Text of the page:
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On Predictions of Fuel Effects on Lean Blow Off Limits in a Realistic Gas Turbine Combustor Using Finite Rate Chemistry

[+] Author Affiliations
Joshua Piehl, Omid Samimi-Abianeh

Wayne State University, Detroit, MI

Luis Bravo

US Army Research Laboratory, Aberdeen, MD

Waldo Acosta

US Army Research Laboratory, Cleveland, OH

Gaurav Kumar, Scott Drennan

Convergent Science Inc., New Braunfels, TX

Paper No. GT2018-77070, pp. V04BT04A049; 10 pages
  • ASME Turbo Expo 2018: Turbomachinery Technical Conference and Exposition
  • Volume 4B: Combustion, Fuels, and Emissions
  • Oslo, Norway, June 11–15, 2018
  • Conference Sponsors: International Gas Turbine Institute
  • ISBN: 978-0-7918-5106-7
  • Copyright © 2018 by ASME


The demand for aviation propulsion systems with ever higher power requirements, reliability, and reduced emissions has been steadily increasing. Desirable features for next generation high-efficiency gas turbine engines include improvements in combustion efficiency, fuel economy, and stable operation in the fuel lean limit. Despite recent advances, a significant issue facing gas turbine designers is sustaining flame stability during lean operation, which could otherwise lead to global extinction events, or lean blow out (LBO), resulting in a severe loss of operability, particularly at higher altitudes. Flame stabilization is a complex physical and chemical process which is determined by the competing effects of the rates of chemical reactions and rate of turbulence advection-diffusion of species and energy to and from the flame leading to a local ignition and extinction phenomena. The goal of the present study is to perform a high fidelity numerical investigation of the turbulent diffusion flame in a realistic turbine combustor to evaluate the potential to predict the local lean-blow-off dynamics and to gain more insights of the complex physics. A comparative study on LBO characteristics is performed using Finite Rate Chemistry, Large Eddy Simulation and Adaptive Mesh Refinement, for different fuels using a realistic gas turbine combustor. The fuels investigated include a petroleum based fuel and an alternative fuel candidate. The simulation was broken down in two phases: flame stabilization and a subsequent staged ramp-down of fuel flow rate to initiate LBO. It is shown that the simulations successfully predict LBO occurring at different equivalence ratios for the two fuels. Although, the simulations predict LBO occurring at slightly smaller equivalence (fuel-to-air) ratio than the experimental data, the difference between the equivalence ratios of the two fuels at LBO is very close to the experimental observation.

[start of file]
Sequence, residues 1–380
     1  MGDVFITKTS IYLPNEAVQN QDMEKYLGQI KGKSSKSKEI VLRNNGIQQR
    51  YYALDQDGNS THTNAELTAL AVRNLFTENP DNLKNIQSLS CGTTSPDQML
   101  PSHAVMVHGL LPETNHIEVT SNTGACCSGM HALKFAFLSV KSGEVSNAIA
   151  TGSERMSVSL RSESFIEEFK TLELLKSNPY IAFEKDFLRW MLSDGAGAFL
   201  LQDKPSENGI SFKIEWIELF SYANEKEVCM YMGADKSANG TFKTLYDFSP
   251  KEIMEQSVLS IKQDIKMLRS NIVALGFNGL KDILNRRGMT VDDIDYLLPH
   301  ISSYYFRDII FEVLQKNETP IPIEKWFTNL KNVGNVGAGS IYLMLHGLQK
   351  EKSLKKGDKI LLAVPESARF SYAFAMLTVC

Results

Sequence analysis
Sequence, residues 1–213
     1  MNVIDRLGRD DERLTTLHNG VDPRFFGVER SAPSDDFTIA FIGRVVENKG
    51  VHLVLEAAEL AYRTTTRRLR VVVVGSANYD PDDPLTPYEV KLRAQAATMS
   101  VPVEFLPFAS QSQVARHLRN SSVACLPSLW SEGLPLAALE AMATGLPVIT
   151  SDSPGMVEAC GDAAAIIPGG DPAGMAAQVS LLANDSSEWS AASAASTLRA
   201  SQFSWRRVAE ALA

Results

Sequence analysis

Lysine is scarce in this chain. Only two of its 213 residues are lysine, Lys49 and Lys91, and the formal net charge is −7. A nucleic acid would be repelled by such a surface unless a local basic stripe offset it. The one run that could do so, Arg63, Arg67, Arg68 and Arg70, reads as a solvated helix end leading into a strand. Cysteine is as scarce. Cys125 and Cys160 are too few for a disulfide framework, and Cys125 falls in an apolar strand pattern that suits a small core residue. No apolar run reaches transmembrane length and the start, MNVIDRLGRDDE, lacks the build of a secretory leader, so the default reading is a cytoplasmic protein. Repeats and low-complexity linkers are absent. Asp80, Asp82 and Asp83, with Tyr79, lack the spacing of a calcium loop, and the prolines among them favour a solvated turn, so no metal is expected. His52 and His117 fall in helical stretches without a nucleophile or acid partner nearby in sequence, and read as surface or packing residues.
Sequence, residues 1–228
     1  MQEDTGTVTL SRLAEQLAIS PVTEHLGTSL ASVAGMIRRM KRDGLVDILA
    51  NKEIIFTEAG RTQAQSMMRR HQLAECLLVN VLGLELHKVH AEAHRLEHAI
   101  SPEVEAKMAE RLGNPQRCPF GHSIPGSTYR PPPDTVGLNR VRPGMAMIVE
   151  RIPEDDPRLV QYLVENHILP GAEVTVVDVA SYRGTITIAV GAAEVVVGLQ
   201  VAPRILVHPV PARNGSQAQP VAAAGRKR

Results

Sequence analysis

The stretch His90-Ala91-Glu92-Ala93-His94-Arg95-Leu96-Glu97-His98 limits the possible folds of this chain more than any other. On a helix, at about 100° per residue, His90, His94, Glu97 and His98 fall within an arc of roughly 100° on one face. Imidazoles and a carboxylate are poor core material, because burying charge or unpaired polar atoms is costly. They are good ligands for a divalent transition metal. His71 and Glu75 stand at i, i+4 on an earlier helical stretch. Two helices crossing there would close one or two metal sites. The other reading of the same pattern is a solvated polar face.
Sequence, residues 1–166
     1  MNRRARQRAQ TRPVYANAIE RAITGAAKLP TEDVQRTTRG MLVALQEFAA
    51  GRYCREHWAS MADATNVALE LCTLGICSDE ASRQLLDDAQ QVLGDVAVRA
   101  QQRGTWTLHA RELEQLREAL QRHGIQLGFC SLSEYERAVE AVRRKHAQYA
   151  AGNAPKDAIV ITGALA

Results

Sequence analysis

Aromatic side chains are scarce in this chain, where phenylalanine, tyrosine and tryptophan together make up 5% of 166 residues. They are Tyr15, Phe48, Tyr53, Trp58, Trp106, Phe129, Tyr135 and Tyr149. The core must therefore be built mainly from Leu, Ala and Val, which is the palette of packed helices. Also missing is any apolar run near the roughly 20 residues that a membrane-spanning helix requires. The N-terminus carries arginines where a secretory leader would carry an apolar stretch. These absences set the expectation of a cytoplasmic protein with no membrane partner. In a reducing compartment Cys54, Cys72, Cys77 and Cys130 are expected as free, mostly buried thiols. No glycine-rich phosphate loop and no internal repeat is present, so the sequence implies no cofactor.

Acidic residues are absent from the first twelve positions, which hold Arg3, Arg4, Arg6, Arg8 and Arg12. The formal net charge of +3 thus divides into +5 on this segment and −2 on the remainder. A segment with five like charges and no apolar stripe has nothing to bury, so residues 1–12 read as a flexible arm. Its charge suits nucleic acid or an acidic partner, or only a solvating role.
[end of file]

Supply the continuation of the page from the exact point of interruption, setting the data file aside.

Copyright © 2018 by ASME



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